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David Drábek (1970) is an author and director in one, with a lushly developed fantasy vision. His heroes are getting older with him. There is obvious the deformation of reality according to the subjective view of heroes and their efforts to solve the crisis of young and middle age.  He shows the hopes and disappointment belonging to different ages and to various social categories. His style is characterized by grotesque hyperbole, references to pop-culture and personal and general history.

David Drábek (1970). The playwright and stage director, David Drábek, graduated from film and theatre studies at the Philosophical Faculty of Palacky University in Olomouc. During his university studies he founded (together with Darek Král) the Hořící žifara (Burning Giraffe) theatre studio that specialized in the genre of modern cabaret. From 1996 to 2001 he worked as a playwright at the Moravian Theatre in Olomouc. Between 2001 – 2003, he was in charge of the newly created alternative stage, Hořící dům (Burning House). In 1995 he received the Alfréd Radok Foundation Award for the Best Play of the Year for the text of Jana from the Park and in 2003 he received the same award for the text Aquabelles that later won the 2005 Best Czech Play of the Year Award. His play The Coast of Bohemia Square that ranked second in the 2007 Alfréd Radok Awards play competition and became the Czech Play of the Year in the 2009 Alfréd Radok Awards. Chocolate House became the 2011 Czech Play of the Year. In 2003, Větrné mlýny published a collection of seven of his plays, in 2011 Kosmas Publishing House released a set of ten newest author’s plays entitled To Shake the Czech Pork Jowl.

David Drábek is one of the most cited and transcribed playwrights, as a stage director, he is one of the creators with an unmistakable imagination. As an author, stage director and playwright, he worked with a number of Czech theatres, including the National Theatre and the Vinohrady Theatre and in 2005-2007 he was the full-time director of the Minor Theatre. From 2009 to June 2017 he was the artistic director of the Klicpera Theatre in Hradec Králové. Together with Daniel Přibyl and Michal Dočekal, he won a tender for the management of the Municipal Theatres of Prague (from 2018).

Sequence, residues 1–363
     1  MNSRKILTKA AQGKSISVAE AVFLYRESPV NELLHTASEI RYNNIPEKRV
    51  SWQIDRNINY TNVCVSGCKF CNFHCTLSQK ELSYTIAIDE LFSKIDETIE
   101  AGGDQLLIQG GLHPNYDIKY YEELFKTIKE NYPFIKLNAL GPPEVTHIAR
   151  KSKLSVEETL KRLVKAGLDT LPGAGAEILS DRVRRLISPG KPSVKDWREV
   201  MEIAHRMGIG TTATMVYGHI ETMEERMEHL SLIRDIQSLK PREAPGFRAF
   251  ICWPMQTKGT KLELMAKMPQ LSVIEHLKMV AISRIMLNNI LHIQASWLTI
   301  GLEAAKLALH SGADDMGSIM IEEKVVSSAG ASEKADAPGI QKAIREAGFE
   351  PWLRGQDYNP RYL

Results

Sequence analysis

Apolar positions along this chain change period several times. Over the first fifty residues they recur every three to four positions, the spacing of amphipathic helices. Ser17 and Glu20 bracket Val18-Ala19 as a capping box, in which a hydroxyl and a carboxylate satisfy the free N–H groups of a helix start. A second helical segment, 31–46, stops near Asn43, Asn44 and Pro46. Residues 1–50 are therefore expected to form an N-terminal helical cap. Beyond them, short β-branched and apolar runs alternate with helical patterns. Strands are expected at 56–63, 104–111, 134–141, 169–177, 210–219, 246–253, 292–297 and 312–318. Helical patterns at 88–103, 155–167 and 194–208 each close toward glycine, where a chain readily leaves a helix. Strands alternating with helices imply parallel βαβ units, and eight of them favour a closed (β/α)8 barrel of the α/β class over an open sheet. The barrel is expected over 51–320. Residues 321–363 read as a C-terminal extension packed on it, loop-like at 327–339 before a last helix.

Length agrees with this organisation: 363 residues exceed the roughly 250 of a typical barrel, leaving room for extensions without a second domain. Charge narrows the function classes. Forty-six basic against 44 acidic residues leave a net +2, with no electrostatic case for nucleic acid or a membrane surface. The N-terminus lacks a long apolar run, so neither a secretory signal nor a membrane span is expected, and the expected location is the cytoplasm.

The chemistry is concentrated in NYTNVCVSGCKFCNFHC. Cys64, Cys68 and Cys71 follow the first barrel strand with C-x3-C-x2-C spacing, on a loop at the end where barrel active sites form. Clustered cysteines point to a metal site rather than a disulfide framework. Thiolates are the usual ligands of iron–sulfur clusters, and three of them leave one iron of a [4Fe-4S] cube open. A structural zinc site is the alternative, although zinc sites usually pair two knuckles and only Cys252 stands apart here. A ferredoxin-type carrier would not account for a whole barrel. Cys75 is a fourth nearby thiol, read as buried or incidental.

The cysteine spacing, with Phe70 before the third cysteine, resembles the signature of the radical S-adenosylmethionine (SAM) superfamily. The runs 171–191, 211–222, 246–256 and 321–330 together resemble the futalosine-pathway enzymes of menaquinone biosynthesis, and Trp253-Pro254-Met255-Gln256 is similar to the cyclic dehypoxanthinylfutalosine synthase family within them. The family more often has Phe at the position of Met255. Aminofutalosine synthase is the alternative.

David Drábek is one of the most famous Czech theatre artists. His plays significantly criticise man whose humanity has dissolved in media and consumer reality. For his harsh reflections, he chooses the means of hyperbole, supported by inventive imagination that results in a seemingly bizarre plait, in which both conceivable and ‘unthinkable’ characters come together with those who have existing archetypes. His most acclaimed play is Aquabelles, a testimony of the impossibility of authentic life due to the commercialization and social medialisation, however it can also be understood as the author’s contribution to the issue of male identity in a globalized world ‚without borders‘. The award-winning ‚play of immobility‘, The Coast of Bohemia (2007) addresses the crisis of aging married couple by an imaginary abduction of the tram by their son. In contrast to the burlesque story, the play deals with death as a moment of stereotyped, emptied, or otherwise stagnant survival. The main cause of ‚being dead alive‘ is the lack of communication that prevents man from aligning himself with himself and finding the right values. (L. Jungmannová)

David Drabek (1970) is an author and director in one, with a lushly developed fantasy vision. His heroes are getting older with him. There is obvious the deformation of reality according to the subjective view of heroes and their efforts to solve the crisis of young and middle age. He shows the hopes and disappointment belonging to different ages and to various social categories. His style is characterized by grotesque hyperbole, references to pop-culture and personal and general history. (J. Soprová)

AKVABELY / AQUABELLES
Cast: 6 women, 4 men

Alfréd Radok Award for the best original play of 2003.